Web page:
Soccer officiating once again took center stage on Tuesday night in Paris. Newcastle clung to a narrow 1-0 lead late in crucial a UEFA Champions League group stage matchup with Paris Saint-Germain. The hosts desperately hunted for a late equalizer. The referee then awarded a controversial penalty kick due to a perceived handball infraction inside the Magpies’ box.

The incident in question did not get an original call. However, VAR Tomasz Kwiatkowski asked match referee Szymon Marciniak to the review event on the pitchside monitor. Marciniak eventually reversed his initial ruling and gave PSG the spot kick. The reversal came down to the referee’s interpretation of the handball rule.

Marciniak judged that the Newcastle defender Tino Livramento made his body bigger when the ball struck his arm. However, replays clearly showed that the ball hit the fullback’s body before ricocheting off of his arm. Livramento’s arm was also not in an outstretched position either. These factors mean that the penalty was incorrectly awarded. Superstar forward Kylian Mbappe eventually converted the spot kick to level the scoreline.

Soccer lawmakers recently rejected calls to simplify handball rule

The UEFA Football Board previously advised IFAB, the international soccer rules committee, to simplify the handball law. The board currently consists of former players and coaches. During a meeting in April, the board recommended that “no handball offense should be called on a player if the ball is previously deflected from his own body and, in particular, when the ball does not go towards the goal.”

IFAB, however, rejected the notion immediately. The organization felt that players would then take advantage of this proposed rule change. While this could be true, changes have to be made to help create a more universal understanding of the official laws of the game.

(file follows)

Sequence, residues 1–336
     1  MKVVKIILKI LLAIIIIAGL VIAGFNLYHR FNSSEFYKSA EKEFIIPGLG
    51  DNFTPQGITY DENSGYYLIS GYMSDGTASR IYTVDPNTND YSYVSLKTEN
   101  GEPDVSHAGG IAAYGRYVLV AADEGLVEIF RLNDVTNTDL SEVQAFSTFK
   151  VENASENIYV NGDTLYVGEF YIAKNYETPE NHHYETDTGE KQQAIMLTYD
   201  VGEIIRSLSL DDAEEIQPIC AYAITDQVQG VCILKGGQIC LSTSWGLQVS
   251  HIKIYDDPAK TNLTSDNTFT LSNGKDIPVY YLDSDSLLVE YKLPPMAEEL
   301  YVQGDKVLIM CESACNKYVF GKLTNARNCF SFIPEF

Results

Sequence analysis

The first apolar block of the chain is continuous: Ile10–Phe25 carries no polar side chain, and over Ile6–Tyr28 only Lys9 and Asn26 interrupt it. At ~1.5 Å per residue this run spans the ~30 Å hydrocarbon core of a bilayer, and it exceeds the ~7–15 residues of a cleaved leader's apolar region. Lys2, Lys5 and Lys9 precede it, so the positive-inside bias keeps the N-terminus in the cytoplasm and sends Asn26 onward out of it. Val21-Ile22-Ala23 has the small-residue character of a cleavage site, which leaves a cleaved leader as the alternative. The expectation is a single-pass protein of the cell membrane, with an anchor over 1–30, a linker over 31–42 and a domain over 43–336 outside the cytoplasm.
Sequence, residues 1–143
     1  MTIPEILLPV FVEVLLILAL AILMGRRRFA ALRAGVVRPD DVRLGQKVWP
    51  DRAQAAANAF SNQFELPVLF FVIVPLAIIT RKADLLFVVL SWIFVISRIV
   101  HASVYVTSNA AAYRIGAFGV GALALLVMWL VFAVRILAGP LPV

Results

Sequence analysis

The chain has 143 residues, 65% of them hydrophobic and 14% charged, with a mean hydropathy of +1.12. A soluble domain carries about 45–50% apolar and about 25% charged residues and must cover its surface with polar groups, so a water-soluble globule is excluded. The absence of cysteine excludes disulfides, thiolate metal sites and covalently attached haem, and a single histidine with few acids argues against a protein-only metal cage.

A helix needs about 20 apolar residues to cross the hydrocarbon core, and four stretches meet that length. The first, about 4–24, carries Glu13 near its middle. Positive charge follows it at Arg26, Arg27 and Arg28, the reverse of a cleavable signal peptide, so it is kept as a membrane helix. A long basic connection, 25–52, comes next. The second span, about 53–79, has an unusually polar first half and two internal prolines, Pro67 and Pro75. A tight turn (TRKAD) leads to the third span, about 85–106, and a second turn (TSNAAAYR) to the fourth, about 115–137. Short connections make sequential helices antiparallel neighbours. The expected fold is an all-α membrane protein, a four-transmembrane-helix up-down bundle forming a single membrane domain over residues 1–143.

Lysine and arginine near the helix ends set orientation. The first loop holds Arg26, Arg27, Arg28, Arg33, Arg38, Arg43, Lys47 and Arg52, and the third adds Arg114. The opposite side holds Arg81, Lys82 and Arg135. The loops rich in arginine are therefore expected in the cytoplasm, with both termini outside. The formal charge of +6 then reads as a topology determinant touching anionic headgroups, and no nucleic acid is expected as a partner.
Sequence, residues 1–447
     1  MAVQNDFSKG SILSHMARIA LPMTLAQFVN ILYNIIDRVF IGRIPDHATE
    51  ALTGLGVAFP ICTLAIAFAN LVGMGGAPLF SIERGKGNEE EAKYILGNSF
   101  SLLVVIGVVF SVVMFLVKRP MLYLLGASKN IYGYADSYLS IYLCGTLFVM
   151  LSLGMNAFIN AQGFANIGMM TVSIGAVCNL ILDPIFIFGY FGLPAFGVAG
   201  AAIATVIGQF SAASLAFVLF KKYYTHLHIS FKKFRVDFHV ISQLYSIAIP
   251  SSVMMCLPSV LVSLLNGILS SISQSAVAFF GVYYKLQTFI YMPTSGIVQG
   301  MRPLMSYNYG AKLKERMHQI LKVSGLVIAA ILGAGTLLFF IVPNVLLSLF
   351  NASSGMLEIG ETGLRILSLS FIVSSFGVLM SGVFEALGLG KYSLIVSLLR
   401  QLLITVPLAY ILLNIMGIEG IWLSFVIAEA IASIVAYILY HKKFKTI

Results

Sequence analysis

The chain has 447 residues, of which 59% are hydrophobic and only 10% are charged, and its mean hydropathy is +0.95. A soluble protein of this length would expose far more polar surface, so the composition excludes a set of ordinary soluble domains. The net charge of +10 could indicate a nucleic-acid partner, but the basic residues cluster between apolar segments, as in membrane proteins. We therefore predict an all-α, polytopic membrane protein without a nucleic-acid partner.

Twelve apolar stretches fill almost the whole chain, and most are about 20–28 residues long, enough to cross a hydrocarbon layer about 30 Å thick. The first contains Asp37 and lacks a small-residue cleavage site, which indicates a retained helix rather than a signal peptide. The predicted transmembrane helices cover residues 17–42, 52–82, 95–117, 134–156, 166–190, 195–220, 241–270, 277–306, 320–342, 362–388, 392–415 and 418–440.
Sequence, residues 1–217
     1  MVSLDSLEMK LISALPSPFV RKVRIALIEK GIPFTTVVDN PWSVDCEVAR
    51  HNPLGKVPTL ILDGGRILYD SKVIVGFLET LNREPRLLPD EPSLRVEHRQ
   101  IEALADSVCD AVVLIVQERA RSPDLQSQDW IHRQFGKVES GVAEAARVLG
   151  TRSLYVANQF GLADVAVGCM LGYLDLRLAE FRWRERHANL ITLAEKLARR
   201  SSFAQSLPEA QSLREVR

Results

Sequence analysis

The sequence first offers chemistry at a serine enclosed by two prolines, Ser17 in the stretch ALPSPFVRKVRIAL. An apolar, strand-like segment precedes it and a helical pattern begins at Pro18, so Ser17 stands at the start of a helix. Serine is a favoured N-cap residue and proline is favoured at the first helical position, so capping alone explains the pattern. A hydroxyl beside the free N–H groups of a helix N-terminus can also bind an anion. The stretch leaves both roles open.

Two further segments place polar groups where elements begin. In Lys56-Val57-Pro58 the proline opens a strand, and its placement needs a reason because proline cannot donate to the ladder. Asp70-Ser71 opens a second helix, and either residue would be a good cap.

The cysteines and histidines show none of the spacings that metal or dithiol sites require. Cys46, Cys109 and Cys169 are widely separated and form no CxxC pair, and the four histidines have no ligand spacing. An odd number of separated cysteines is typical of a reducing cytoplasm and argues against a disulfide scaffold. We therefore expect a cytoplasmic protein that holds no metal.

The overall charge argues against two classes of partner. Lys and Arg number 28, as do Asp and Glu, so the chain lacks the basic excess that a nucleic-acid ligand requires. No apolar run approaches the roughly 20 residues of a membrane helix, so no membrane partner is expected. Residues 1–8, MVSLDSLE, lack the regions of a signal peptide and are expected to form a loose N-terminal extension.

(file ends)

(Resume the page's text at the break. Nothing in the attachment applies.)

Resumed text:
Refereeing decisions have become more and more divisive in recent months. The introduction of VAR has helped amplify these controversies. VAR was implemented in the sport to eradicate clear and obvious on-field errors. This would help get more correct calls on the pitch. However, this has not yet exactly been the case.

Nevertheless, completely getting rid of VAR is not necessarily the solution to the problem. Instead, simplifying the major rules, particularly handball, would create more consistency in refereeing. The current verbiage of the handball is completely open to interpretation.

For instance, the Football Association (FA) in England describes the handball rule in nearly 300 words. There are different reasons for giving a handball as a foul. For example, a player’s arms make their body unnaturally bigger. People argue over what this part of the law means. It seems as if every referee has a slightly different idea of what “unnaturally bigger” actually means.

Clarifying rules would help players, fans, and referees

A simplification of the handball rule could come from narrowing down infractions to specific violations. Most fans around the world are not happy with the increasing amount of VAR reviews slowing gameplay. This would include deliberate actions by defenders to gain an advantage. Also, defenders must fully stretch their arms. Along with simplifying this rule, specific offside technology needs to expand.

Offside decisions are also currently divisive as well. Nevertheless, they do not have to be anymore. Semi-automated offside technology (SAOT) quickly and accurately determines offside calls with ease. The technology is currently in place in UEFA’s club competitions and Italy’s Serie A. Europe’s top leagues need it promptly.

Soccer officials around the world are attempting to combat abuse towards referees by protecting their officials with stricter punishments towards violators. However, these lawmakers would also help ease concerns themselves by clarifying their own rules. Organizations are making it hard on their officials with the complicated laws.

These tweaks would help give everyone involved in the game, from the players, coaches, and fans, a clearer understanding of the rules. It would also allow referees to have a comprehensible objective during games.

PHOTOS: IMAGO.